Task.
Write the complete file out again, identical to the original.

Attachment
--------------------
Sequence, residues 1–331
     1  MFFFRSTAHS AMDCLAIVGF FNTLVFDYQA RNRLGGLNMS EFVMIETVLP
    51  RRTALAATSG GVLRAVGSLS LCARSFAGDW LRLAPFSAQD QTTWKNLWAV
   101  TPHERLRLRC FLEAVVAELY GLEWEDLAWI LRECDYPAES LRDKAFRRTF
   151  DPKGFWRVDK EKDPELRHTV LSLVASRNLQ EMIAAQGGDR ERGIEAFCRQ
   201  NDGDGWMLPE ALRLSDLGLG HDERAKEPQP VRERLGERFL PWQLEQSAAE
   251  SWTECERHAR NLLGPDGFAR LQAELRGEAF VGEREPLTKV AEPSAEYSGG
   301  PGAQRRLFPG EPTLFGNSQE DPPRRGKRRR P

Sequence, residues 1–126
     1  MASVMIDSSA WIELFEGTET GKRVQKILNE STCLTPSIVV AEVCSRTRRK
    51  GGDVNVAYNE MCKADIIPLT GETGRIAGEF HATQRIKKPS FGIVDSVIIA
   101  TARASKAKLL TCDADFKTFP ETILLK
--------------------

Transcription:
Sequence, residues 1–331
     1  MFFFRSTAHS AMDCLAIVGF FNTLVFDYQA RNRLGGLNMS EFVMIETVLP
    51  RRTALAATSG GVLRAVGSLS LCARSFAGDW LRLAPFSAQD QTTWKNLWAV
   101  TPHERLRLRC FLEAVVAELY GLEWEDLAWI LRECDYPAES LRDKAFRRTF
   151  DPKGFWRVDK EKDPELRHTV LSLVASRNLQ EMIAAQGGDR ERGIEAFCRQ
   201  NDGDGWMLPE ALRLSDLGLG HDERAKEPQP VRERLGERFL PWQLEQSAAE
   251  SWTECERHAR NLLGPDGFAR LQAELRGEAF VGEREPLTKV AEPSAEYSGG
   301  PGAQRRLFPG EPTLFGNSQE DPPRRGKRRR P

Sequence, residues 1–126
     1  MASVMIDSSA WIELFEGTET GKRVQKILNE STCLTPSIVV AEVCSRTRRK
    51  GGDVNVAYNE MCKADIIPLT GETGRIAGEF HATQRIKKPS FGIVDSVIIA
   101  TARASKAKLL TCDADFKTFP ETILLK